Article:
6 Pro Tips for Winterizing Your Car
The nights are chilly and the days are sprinkled with snow. You’re bundled up and staying warm–but is your car as protected as you? Winter has arrived, and it’s time to prepare your vehicle for the icy months ahead. The season’s freezing temperatures can put extra amount of stress on your ride, wearing it down in potentially damaging ways. From salt on the road to freezing temperatures to inches of slush and snow, all types of winter weather can cause big problems.
Prepping your car for the winter saves money and keeps you safe. Take the right precautions, and you won’t have to worry about slipping and sliding in snowy weather, struggling with traction, or finding yourself in a dangerous driving situation.
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Here’s what you need to do to your car right now to get ahead of winter’s worst weather.
1. Switch Out Your Oil
During the summer, using thicker motor oil helps protect the engine from extreme heat. However, when the thermometer begins to dip towards freezing, it’s time for something new.
When winter arrives, you should switch to a thinner grade of oil. This special variety, called winter-grade oil, enables your engine to fire up quicker on cold mornings. It also alleviates unnecessary strain on your car’s battery.
2. Build a Winter Emergency Kit
Every driver should carry an emergency kit for breakdowns and sudden crises on the road–but when temperatures drop and the weather shifts to winter, your emergency kit needs a few new items.
Prepare for the possibility of being stranded in the blistering cold. Add a few bottles of water and some non-perishable foods to your car’s kit, as well as an insulated blanket to help prevent frostbite. Other essentials you should include are a flashlight, a snow shovel, a first-aid kit, and road flares. No matter what happens, you’ll be able to stay warm and safe.
3. Switch to Winter Tires
Contrary to popular belief, all-season tires are not actually engineered to handle freezing conditions. They’re made from a different type of rubber compound, which is only suitable for temperatures above 45 degrees Fahrenheit.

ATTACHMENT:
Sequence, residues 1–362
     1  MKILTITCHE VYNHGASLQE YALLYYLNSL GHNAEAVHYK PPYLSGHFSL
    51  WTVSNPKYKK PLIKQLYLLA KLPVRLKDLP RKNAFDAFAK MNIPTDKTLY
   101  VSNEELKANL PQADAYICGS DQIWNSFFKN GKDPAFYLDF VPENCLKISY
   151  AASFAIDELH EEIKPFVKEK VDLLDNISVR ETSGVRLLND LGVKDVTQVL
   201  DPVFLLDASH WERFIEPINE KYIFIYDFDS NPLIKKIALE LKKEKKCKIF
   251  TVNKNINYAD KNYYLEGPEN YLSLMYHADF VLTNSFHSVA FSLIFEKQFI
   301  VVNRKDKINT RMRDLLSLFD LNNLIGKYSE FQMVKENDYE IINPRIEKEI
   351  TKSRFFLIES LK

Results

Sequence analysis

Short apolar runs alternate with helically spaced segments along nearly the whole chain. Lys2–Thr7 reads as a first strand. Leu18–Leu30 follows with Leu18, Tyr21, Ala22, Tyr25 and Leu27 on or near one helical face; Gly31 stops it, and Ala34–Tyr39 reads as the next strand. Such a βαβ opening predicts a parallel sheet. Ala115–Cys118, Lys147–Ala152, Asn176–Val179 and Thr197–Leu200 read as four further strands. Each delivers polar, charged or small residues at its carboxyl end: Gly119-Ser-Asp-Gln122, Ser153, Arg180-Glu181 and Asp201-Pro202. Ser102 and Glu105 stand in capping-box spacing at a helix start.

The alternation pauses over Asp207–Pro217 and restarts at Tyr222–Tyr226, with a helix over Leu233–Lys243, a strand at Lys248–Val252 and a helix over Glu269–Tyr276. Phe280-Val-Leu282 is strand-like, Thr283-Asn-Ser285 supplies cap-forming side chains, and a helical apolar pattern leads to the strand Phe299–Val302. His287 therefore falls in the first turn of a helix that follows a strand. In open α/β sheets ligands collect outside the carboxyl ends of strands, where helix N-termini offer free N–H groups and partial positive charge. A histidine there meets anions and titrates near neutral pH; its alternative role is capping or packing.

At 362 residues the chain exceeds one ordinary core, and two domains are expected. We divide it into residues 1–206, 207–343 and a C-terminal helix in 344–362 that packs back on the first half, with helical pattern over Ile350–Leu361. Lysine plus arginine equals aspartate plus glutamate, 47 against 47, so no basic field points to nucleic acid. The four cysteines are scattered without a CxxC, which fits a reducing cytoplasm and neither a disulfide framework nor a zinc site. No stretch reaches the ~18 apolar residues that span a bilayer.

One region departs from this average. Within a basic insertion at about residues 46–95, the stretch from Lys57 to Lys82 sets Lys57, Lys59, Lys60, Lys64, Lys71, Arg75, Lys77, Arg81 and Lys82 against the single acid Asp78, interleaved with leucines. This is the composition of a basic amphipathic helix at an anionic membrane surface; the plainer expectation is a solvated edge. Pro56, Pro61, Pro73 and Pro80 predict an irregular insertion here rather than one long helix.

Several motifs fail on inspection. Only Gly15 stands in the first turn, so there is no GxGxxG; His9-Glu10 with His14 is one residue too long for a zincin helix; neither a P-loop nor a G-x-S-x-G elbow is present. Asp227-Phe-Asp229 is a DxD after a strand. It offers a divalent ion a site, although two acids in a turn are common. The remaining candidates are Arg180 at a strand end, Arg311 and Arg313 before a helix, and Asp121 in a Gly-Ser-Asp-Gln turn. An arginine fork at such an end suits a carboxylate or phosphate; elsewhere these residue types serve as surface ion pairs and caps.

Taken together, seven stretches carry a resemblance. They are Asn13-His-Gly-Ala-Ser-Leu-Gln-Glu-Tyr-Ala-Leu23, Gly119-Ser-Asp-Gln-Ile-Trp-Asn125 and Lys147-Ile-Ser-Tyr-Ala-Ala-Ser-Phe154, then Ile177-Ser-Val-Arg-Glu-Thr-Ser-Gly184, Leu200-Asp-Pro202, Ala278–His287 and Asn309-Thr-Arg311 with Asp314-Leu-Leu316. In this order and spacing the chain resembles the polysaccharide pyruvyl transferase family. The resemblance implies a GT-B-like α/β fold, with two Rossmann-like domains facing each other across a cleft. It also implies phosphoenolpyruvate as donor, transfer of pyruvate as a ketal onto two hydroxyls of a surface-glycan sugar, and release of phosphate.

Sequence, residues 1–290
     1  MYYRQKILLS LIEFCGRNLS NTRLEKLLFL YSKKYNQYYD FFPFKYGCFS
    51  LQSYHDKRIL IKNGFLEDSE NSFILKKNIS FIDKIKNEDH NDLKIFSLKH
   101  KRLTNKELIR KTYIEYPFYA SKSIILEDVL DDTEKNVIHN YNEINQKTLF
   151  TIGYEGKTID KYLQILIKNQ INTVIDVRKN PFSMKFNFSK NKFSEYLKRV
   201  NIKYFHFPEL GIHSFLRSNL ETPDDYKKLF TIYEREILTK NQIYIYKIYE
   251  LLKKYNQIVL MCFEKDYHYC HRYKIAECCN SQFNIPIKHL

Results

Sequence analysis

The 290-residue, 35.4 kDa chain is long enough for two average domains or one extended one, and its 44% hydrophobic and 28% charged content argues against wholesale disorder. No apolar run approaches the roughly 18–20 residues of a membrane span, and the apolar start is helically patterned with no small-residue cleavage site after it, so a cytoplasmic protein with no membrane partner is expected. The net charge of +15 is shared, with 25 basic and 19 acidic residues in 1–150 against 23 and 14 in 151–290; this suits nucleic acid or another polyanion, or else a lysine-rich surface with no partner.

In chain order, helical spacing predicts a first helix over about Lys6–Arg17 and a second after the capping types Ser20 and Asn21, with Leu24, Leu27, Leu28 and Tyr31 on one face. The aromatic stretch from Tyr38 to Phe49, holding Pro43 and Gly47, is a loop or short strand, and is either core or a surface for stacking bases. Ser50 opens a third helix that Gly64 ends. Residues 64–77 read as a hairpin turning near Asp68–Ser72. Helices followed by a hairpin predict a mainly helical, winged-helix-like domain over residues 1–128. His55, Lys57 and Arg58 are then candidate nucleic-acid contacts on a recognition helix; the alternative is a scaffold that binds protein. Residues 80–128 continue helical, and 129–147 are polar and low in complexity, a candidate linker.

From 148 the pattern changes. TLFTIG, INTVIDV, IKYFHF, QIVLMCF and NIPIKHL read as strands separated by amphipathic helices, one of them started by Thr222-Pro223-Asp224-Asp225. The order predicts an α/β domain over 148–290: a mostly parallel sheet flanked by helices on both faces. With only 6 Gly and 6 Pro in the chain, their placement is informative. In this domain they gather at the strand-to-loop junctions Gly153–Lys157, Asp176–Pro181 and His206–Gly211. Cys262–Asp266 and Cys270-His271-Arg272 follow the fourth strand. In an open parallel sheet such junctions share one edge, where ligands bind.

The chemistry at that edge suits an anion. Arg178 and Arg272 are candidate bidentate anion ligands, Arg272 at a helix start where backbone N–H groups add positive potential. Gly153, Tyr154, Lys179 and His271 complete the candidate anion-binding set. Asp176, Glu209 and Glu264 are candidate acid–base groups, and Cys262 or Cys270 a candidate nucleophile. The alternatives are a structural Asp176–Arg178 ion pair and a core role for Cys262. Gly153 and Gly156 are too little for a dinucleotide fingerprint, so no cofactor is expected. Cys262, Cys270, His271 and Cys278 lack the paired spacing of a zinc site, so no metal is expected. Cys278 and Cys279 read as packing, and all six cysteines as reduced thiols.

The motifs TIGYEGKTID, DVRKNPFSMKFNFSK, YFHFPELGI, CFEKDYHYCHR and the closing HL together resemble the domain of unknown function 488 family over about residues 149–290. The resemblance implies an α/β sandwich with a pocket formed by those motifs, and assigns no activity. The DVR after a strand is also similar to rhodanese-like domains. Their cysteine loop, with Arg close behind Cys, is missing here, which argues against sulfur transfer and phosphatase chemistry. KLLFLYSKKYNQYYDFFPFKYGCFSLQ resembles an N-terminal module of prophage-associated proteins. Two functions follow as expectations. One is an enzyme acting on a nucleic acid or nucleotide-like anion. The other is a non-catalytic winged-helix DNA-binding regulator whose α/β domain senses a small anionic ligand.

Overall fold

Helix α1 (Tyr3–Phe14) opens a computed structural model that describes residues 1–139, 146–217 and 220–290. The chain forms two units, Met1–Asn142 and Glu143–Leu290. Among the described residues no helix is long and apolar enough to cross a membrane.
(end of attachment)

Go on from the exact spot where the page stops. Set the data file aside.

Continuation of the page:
Winter tires, however, are specially engineered to handle freezing cold temperatures–and they feature deeper tread. When driving through slush and ice, that special winter tire tread will help you maintain better traction. You can switch back to your regular tires during the spring.
4. Test Your Battery
During winter, your car battery is one of the most important components to consider. Check its condition before the coldest months of the year arrive. If your battery doesn’t have enough life left, you can expect to experience difficulty getting your car started when temperatures drop below freezing. Cold weather can also cause the battery casing to crack, leaving you with bigger problems.
Prepare for the worst, and have a professional check out your battery. You can replace it ahead of time if it’s on its last leg, or you can confidently avoid disaster all winter.
5. Check Your Antifreeze
Antifreeze, also referred to as engine coolant, is important throughout the year. Coolant helps prevent the engine from overheating during the summer, and it prevents it from freezing on extremely cold days. Make sure that the coolant level remains full at all times. If there isn’t enough antifreeze inside the engine, vehicle performance will suffer greatly.
Never make the mistake of filling your coolant reservoir with 100% water. Ideally, the coolant should be a 50/50 mixture of propylene glycol and distilled water–an all-water reservoir will freeze, leaving you with expensive repairs.
5. Keep Your Fuel Tank at Least Half-Full
Try to avoid driving with a near-empty gas tank during the winter. This can allow condensation to gradually build up within the tank, and too much condensation may freeze your fuel lines. Your safest bet is refueling when the gas needle reaches the halfway mark.
6. Wax the Exterior
The combination of salt on the roads and built-up ice, snow, and other wintry dirt can do damage to your car’s paint job. Give your vehicle’s exterior an additional layer of protection with a good waxing while temperatures are still bearable. Or, take your car to a local car wash and have professionals do one. You don’t want Mother Nature to ruin your vehicle’s paint job.
What if Winter Wreaks Havoc?
If you’ve done your best to protect your car, you’re ready for winter’s worst weather. Forget to prep your car, or realizing you missed an important step or two? You can still get your vehicle ready for freezing temperatures if you follow these tips now.
Want to know more about keeping your car in its best condition for winter? You can do some research online to discover what’s recommended for those in the snowiest regions. Winterizing your car can keep you safe–you just need to make certain you’re taking the right precautions.